"Leadership pour elles" was launched to coincide with Monday being official Equal Pay Day – when it was revealed that women in France on average have to work 77 days more a year than men to earn the same salary.
The goal of Leadership pour elles ('elles' being the feminine version of them) is first to boost the confidence of underpaid women workers as well as give them tailored advice that will lead to a better pay packet.
The app begins with sets of quizzes, like the type seen in personality tests under different categories “Act like a leader”, “How to boost your career” and “Enterprise and creating”.
The user has to answer questions such as: “Do you think self-confidence is A) a quality, B) something you work for, C) something you earn, D) a distant dream.
Then the app calculates a personal profile of the user and then directs them through certain modules, one of which is dedicated entirely to how they can increase their pay.
Each module is followed by various recommendations, such as “learn to say no” or “promise less and give more”.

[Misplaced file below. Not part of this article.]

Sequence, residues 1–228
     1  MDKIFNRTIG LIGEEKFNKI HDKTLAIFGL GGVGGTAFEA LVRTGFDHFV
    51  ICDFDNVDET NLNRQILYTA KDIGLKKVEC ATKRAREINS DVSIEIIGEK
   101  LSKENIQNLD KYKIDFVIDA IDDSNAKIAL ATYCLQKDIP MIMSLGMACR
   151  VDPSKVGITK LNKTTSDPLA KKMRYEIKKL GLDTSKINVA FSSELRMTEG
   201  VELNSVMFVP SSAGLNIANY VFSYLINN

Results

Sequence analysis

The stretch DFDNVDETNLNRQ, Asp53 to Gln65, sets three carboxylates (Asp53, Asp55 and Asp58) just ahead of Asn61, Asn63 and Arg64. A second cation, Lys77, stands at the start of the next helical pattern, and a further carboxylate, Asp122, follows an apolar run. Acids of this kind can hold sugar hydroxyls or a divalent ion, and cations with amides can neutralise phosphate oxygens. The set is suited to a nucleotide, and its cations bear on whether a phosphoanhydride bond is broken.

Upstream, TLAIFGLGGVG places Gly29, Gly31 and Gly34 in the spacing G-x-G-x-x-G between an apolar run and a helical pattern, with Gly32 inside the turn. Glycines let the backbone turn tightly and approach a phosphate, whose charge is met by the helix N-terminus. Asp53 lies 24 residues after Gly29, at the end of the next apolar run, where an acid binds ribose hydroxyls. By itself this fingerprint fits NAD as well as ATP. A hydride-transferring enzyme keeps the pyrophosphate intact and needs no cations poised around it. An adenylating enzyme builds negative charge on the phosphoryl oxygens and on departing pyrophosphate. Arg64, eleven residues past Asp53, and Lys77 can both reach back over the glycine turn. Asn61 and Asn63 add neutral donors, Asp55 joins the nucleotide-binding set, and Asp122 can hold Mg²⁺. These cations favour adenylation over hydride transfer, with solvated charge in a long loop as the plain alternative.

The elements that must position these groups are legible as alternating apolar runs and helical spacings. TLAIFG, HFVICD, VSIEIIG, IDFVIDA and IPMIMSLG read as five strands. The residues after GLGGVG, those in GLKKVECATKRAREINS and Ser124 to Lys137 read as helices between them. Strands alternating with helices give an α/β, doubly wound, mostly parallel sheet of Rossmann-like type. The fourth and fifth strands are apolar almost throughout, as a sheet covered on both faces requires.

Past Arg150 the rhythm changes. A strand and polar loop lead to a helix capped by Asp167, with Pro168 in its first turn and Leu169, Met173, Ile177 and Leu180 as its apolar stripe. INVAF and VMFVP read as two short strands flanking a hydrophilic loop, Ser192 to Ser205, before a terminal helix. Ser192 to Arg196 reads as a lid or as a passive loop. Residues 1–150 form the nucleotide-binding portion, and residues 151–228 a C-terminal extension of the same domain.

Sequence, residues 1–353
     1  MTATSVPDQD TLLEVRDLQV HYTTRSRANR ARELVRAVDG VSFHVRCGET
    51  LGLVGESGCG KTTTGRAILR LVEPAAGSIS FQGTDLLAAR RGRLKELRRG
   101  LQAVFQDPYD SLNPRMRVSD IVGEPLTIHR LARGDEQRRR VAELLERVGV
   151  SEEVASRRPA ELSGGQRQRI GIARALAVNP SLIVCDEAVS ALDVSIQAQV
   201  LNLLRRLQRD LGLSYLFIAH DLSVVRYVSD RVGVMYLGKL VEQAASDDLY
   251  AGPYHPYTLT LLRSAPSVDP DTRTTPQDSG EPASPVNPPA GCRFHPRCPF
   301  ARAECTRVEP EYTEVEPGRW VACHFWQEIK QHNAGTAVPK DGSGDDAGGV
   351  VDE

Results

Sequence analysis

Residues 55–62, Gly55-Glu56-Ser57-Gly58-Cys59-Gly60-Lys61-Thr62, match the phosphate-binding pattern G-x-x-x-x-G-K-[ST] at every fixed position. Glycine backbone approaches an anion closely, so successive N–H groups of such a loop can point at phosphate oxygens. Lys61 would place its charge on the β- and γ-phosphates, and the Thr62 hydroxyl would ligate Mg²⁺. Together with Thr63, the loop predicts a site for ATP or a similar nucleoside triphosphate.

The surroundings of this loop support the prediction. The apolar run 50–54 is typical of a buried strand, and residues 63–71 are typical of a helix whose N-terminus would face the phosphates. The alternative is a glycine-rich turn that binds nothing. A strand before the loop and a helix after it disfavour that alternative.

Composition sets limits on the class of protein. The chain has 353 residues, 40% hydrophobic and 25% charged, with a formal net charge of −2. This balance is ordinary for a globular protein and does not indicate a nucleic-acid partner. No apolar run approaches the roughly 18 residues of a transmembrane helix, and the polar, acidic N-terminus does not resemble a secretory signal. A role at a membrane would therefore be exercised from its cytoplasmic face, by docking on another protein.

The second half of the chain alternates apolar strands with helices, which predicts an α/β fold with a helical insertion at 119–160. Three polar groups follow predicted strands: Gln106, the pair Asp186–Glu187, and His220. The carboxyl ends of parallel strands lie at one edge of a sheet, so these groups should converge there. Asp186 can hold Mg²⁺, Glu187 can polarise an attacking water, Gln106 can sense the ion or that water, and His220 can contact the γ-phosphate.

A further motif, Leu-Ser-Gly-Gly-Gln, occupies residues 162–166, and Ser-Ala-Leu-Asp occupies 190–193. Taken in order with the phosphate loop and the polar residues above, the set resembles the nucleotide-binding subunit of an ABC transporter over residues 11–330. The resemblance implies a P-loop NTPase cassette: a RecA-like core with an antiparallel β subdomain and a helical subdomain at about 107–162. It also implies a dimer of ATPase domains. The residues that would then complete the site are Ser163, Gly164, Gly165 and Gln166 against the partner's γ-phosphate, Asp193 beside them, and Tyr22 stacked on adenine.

The app also includes videos made with certain successful French businesswomen who offer advice on how to react in various situations and the best practice for how and when a woman asks for a pay rise.
It also contains a salary calculator and simulator which emphasizes the differences between the wages of men and women, which currently stand at 28 percent in private companies for men and women with the same skill set.
In a bid to ensure equality the Minister for Women’s Rights Najat Vaullaud-Belkacem stresses that the app is also available for men to download if they wish.
France's pay gap is similar in size to many other developed countries. In the United States it stands at 23 percent and in European countries like Britain, Germany and Switzerland the divide is fairly similar according to the association Business and Professional Women.
Earlier this year Vallaud-Belkacem introduced a much hyped equality bill that aims to make up for disparities between men and women at home, work and in the media and politics.
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